100 Days In Nigeria, COVID-19 Cases Now 12,233 1

100 Days In Nigeria, COVID-19 Cases Now 12,233

100 Days In Nigeria, COVID-19 Cases Now 12,233

100 Days In Nigeria, COVID-19 Cases Now 12,233
100 Days In Nigeria, COVID-19 Cases Now 12,233

The Nigeria Center For Disease Control (NCDC) has recorded 389 new cases of the COVID-19, bringing the total number of infections in the country to 12,233.

NCDC announced this through its official Twitter handle and said that as at June 6, 389 new confirmed cases from 23 states and nine deaths were recorded in the country.

On Feb. 27 Nigeria confirmed its first case of COVID-19 and 100 days after, NCDC recorded 12,233 confirmed cases and 342 deaths.

The new cases took the country’s total infections to 12,233, with 3,826 patients successfully treated and discharged, and 8065 actives cases.

According to NCDC, Lagos reported 66 new cases, the FCT 50, Delta 32, Oyo 31, Borno 26, Rivers 24, while Edo and Ebonyi recorded 23 new cases each.

Other states where new cases where found were Anambra (17), Gombe (17), Nasarawa (14), Imo (12), Kano (12), Sokoto (12), Jigawa (8), Ogun (7), Bauchi (5), Kebbi (2), Kaduna (2), Katsina (2), Ondo (2), Abia (1) and Niger (1).

The COVID- 19 pandemic had affected over 100 countries across the world.

Over 6 million people had been affected and the number of deaths had exceeded 300,000 as at June 6.

As Nigeria’s Public Health Institute, NCDC said it would continue to work alongside other agencies under the supervision of the Federal Ministry of Health, (FMOH) in leading the public health response to the pandemic.

It said also that it had played a key role in the multi-sectoral response, within the Presidential Task Force on COVID-19 (PTF-COVID-19) established by President Muhammadu Buhari.

“One hundred days after the first case, we remember all Nigerians who have passed away from the disease.

”We commiserate with their families and friends who have had to deal with the difficulty of losing loved ones at this time,” it said.

The agency said that to ensure a well-coordinated emergency response, it activated a level three Emergency Operations Centre (EOC) on Feb, 27.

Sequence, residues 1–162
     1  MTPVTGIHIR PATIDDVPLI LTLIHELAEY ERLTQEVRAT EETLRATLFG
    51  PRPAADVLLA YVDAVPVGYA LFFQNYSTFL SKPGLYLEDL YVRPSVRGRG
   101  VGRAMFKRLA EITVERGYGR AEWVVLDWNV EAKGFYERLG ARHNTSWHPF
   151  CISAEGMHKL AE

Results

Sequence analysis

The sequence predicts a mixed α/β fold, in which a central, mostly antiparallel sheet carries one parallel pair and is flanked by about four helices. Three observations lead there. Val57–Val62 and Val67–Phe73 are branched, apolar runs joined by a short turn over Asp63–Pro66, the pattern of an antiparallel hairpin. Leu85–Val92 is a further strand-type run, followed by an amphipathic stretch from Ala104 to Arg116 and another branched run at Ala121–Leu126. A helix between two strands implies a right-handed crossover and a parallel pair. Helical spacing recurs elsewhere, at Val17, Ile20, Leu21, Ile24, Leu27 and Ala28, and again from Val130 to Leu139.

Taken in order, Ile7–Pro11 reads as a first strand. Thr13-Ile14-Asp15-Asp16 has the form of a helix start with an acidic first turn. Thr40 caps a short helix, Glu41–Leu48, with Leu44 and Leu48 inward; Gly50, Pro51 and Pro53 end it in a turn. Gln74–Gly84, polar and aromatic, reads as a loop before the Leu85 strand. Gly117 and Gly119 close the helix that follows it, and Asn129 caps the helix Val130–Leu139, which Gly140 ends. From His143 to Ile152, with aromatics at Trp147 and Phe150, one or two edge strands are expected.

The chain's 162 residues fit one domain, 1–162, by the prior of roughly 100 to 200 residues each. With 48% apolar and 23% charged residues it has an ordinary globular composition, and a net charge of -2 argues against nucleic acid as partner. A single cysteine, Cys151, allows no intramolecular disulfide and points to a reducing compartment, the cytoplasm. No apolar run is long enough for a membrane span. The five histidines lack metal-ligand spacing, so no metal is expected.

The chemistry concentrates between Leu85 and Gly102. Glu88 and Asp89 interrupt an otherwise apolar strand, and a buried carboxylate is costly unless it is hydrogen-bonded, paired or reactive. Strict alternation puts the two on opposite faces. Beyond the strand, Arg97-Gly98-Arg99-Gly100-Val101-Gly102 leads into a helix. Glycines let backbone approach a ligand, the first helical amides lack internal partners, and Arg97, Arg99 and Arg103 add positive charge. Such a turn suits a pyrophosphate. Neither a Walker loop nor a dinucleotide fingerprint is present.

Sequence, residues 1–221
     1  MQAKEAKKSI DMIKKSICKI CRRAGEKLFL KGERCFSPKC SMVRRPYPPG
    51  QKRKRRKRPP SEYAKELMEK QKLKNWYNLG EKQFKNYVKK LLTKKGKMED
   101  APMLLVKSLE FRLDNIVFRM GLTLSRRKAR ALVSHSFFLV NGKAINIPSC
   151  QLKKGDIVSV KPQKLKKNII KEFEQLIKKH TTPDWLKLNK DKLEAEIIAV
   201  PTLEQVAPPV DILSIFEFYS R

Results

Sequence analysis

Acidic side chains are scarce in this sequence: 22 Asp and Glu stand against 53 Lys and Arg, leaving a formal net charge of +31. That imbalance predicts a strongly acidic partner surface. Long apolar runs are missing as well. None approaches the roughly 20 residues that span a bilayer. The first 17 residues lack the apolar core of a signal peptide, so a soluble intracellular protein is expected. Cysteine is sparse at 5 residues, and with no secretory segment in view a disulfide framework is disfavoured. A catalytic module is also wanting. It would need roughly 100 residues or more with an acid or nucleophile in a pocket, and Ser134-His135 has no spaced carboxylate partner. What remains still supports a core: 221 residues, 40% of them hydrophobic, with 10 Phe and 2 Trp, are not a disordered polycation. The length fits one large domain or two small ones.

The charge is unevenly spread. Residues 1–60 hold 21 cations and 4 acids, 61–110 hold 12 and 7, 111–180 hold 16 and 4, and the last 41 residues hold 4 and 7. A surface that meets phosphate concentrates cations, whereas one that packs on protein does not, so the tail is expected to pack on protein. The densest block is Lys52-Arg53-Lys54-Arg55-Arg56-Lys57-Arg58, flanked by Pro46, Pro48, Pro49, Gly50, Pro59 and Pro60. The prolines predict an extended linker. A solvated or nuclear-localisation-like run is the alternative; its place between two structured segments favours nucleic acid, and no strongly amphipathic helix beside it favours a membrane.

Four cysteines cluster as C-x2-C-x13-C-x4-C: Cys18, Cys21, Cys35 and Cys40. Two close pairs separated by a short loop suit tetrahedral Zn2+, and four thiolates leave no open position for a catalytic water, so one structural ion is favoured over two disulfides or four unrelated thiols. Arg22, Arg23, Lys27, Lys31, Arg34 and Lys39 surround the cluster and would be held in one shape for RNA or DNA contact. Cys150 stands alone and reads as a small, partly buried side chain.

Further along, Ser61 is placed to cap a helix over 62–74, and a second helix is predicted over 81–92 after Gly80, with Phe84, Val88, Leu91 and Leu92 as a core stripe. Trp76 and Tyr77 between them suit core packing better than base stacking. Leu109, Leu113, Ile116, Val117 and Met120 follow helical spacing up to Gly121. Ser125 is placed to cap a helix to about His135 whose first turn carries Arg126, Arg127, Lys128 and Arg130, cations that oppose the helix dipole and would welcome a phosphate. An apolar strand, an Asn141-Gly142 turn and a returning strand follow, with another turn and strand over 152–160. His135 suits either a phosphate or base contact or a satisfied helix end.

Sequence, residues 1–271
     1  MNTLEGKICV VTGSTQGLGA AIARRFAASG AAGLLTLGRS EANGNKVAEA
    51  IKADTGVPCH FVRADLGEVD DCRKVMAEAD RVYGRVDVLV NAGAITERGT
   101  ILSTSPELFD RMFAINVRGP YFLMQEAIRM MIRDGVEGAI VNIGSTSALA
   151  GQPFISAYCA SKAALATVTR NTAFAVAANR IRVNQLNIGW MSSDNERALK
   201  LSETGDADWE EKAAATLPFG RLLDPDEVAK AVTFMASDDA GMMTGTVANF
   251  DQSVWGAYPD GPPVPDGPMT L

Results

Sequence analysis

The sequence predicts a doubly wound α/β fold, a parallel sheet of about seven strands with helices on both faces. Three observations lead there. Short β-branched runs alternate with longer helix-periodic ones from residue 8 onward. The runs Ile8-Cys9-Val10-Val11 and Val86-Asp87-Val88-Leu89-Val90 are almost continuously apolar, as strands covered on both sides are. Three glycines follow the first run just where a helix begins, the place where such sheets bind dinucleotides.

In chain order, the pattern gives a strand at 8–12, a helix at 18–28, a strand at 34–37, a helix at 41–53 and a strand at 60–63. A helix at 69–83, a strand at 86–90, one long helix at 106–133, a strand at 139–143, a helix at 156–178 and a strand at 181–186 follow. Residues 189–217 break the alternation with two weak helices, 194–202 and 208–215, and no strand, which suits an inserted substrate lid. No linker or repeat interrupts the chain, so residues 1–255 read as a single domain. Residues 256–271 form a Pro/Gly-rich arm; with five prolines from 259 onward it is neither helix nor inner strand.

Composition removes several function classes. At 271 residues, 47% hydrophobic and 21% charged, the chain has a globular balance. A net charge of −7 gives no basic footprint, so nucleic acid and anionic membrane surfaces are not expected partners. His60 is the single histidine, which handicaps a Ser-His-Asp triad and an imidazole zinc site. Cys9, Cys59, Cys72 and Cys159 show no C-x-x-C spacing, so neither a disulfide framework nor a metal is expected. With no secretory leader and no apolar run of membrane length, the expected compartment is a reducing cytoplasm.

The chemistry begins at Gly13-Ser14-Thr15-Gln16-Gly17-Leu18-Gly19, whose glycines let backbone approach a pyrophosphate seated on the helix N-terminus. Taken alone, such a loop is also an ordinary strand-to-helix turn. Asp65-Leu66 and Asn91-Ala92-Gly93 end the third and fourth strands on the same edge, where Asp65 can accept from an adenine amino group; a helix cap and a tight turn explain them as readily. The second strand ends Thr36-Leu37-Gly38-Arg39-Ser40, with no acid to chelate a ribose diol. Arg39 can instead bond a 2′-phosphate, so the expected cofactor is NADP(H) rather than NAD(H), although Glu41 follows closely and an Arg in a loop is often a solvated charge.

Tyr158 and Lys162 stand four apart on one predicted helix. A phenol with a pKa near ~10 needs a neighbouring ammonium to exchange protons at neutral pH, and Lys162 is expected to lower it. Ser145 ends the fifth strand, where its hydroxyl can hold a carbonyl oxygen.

It said that prior to this, the National EOC was in alert mode; monitoring the spread in other countries, carrying out risk assessments and strengthening Nigeria’s preparedness.

During this time, the NCDC said that it developed technical guidelines, response plans and trained health workers across the country.

Recall that the National EOC included representatives from the FMOH, other sister agencies and partners.

Prior to the confirmation of the first case, NCDC supported four laboratories within its molecular laboratory network to activate testing for COVID-19.

Since then, the number of laboratories had increased to 30, with a combined minimum capacity of 10,000 tests daily.

The Public health institute said that its goal was to expand to at least 10 more laboratories by the end of June, leveraging on Gene-Xpert capacity for Tuberculosis diagnosis.

Meanwhile, it said that the safety of health workers had been at the forefront of Nigeria’s response strategy to COVID-19.

“Since the first case was confirmed, NCDC has supported the training of 13,000 health workers in infection prevention and control (IPC) as well as case management.

“In collaboration with the Departments of Hospital Services and Food and Drugs of the Federal Ministry of Health, NCDC has also ensured that health workers were provided with the required personal protective equipment (PPE) to reduce the risk of health workers’ infection.

“As part of its mandate, NCDC had provided support to all states in Nigeria. Over the last three years, in preparedness for major outbreaks, the agency supported the establishment of State Public Health Emergency Operations Centres in 23 of the 36 states, without polio or public health EOCs,” it stated.